Mike Moroski wants to clear some things up: The newly controversial Critical Race Theory (CRT) has been around for a long time. It’s not a rewriting of history, as some people fear, but a deep-dive into all versions of the past that have shaped our country.
“All Critical Race Theory means, quite simply and quite non-combatively, is that when we look at the history of the United States of America and we teach the history of the United States of America, we do so through a lens of equity, meaning we teach the whole history,” he explains.
With this method, schools create critically thinking students, a valuable life skill.
He says that when he was growing up, history was taught in a linear way, but in reality, history is multi-faceted.
“Critical Race Theory seeks to uncover those, look at the different version of history that have shaped this country,” he says, “and do what schools are supposed to do, which is create critically thinking citizens that do well by the common good.”
Still, there are dissenters, although Moroski hasn’t heard of any in the Cincinnati Public district.
“I try to help [people] understand that just by acknowledging that somebody else has a different take or perspective on what happened in this country, it doesn’t take away from your history,” he says. “It’s all real.”
The newly adapted African American history curriculum is great, he says, and although it will be used universally, teachers of all subjects have happily adapted it to fit their classes, including English/Language Arts, Social Studies, and even Health.
“Most of our CPS schools are pretty diverse, the loudest push against is coming from parents in schools that are 90% white,” he says.
In other words, parents who don’t live in the district.
One woman in Loveland — who doesn’t have kids in the district — demanded copies of every curriculum in each school that mentioned racism.
“I hope they’re happy, to pick on children in urban school districts who they don’t like. There are people who don’t like our kids,” he says. “That’s part of fuels what I do.”
Another reason he doesn’t like the term “Critical Race Theory” — aside from the fact that it fuels parental paranoia — is that there are people protesting that they are not racist, they just don’t want their kids learning about slavery.
“’I Had a Dream’ is the only thing white people ever talk about,” he says.
And he’s not wrong — protestors outside of the Forrest Hills school board meetings held signs that said “MLK not CRT.”
Moroski is the partnership policy manager at Cradle Cincinnati
, which means that he is the lobbyist for Black infant and maternal mortality. He also handles housing and transportation workforce policies. Along with that, he’s a board member for Cincinnati Public Schools
. Both jobs make him passionate about anti-racist work.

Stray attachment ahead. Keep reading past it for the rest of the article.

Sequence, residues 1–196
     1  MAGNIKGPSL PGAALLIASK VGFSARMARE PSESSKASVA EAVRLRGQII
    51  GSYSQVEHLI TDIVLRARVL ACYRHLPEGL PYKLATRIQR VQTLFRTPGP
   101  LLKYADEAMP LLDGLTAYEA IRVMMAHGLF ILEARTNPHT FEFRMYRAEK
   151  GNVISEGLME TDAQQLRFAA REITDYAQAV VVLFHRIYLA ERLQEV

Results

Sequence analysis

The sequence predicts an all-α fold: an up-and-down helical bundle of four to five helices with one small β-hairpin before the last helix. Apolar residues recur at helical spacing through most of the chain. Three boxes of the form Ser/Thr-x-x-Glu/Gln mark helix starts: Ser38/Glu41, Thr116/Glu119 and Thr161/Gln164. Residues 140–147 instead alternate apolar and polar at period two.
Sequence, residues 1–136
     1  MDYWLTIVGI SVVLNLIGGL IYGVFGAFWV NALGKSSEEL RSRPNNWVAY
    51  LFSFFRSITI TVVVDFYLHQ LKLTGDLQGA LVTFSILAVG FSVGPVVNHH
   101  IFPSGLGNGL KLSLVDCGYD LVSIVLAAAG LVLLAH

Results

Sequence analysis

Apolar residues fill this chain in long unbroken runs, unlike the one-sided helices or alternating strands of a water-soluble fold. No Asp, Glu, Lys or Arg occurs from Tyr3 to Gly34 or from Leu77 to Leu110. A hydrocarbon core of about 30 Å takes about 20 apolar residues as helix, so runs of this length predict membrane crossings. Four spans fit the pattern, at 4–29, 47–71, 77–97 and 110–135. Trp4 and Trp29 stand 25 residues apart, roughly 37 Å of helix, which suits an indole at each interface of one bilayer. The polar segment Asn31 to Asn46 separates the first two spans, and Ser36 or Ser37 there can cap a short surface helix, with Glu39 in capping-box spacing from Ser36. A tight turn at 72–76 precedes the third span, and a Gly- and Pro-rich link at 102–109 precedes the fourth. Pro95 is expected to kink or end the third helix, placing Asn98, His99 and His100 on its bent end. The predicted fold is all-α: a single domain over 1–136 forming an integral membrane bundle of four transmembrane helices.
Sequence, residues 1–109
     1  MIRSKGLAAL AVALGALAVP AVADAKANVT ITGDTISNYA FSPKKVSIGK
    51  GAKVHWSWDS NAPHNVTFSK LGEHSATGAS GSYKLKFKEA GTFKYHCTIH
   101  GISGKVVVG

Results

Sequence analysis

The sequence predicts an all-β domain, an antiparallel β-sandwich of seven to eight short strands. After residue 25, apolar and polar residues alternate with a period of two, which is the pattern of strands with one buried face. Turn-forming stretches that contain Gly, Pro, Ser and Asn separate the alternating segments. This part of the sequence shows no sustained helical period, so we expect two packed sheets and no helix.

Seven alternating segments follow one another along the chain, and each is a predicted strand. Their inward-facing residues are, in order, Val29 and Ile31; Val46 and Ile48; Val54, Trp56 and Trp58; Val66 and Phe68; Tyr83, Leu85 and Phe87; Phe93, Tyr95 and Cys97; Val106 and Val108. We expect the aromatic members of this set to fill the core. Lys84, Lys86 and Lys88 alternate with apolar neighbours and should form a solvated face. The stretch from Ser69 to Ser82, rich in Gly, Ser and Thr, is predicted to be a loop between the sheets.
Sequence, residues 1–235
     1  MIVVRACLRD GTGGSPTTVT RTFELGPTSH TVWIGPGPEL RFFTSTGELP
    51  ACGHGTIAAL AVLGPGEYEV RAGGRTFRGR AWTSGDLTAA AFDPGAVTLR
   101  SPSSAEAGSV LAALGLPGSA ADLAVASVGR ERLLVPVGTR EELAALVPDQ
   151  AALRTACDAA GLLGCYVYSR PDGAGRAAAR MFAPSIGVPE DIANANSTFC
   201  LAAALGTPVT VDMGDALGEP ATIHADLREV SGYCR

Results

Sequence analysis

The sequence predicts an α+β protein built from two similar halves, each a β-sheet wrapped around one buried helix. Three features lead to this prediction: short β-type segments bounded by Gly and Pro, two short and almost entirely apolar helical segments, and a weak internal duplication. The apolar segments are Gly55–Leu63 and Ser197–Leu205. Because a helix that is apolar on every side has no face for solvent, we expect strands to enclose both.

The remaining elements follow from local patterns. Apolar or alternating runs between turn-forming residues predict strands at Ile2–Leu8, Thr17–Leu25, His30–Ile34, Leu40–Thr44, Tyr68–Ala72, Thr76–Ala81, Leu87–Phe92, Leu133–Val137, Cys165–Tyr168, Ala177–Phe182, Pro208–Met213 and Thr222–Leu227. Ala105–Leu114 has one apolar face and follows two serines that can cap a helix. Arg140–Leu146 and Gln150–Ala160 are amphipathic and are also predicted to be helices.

“I was taught in school many, many times — and I believed this until probably my late 30s that the GI Bill helped veterans secure housing after WWII. In reality many banks refused approve loans for Black veterans, resulting in less than 100 out of 67,000 mortgages going to non-white people. And that’s part of the reason it’s nearly impossible for Black people to build up equity."
Moroski grandparents immigrated from Poland and faced many obstacles, but he admits that they had at least a slight advantage being white — they were treated better than the Black people in America.
“Admitting that there was an advantage, it does not take away from my grandfather’s hard work on the railroad,” he says. “People’s sense of self — their self-identity — is threatened by even having to admit that maybe the mantra that they were brainwashed to believe that America is the land of opportunity and that they got what they got through hard work might have some addendums.”
Moroski’s wish is for a safe, supportive, respectful environment for all kids, no matter what they look like and where they came from. He believes that there’s something to be said for people to look like him to learn from people who don’t look like him.
“The reactionary fear of Critical Race Theory is that somehow, teaching it, is an effort to make white people, white children feel guilty,” he says. “And that’s not it. What I’ve said to people who say that to me is, ‘Well if you do feel badly, or your child feels badly about some the things they learn, use it as an opportunity’”
“Maybe we should feel badly,” he continues. “It doesn’t mean you’re a bad person; nobody is saying your experience is invalid, but maybe we shouldn’t feel good about the fact that we made it quite literally impossible for Black people to build equity in this country.”
He’s well aware of his white privilege and is committed to using it for good — lessons imparted by his immigrant grandparents and passed down to his parents.
“I got busted by the federal police for some pretty serious drug charges a month before my 18th birthday,” he says. And it’s not on my record. It’s not on my record because I’m white and my dad had the money to hire me a lawyer.”
Moroski goes on to explain that there are kids at Cincinnati Public who are younger than he was when they committed less serious offenses. They now have juvenile records. His concern is that many of these kids end up dropping out of high school.
“I want the kids in the Cincinnati Public School district who don’t look like me to be able to go to college and get degrees and do the things that they want to do — if they want to,” he says. “Right now, the fact is, if you’re a 17-year-old kid busted by the federal police with drugs and you don’t have the family infrastructure due to generations of privilege to stick up for you, that’s a different story. My story would have ended very differently.”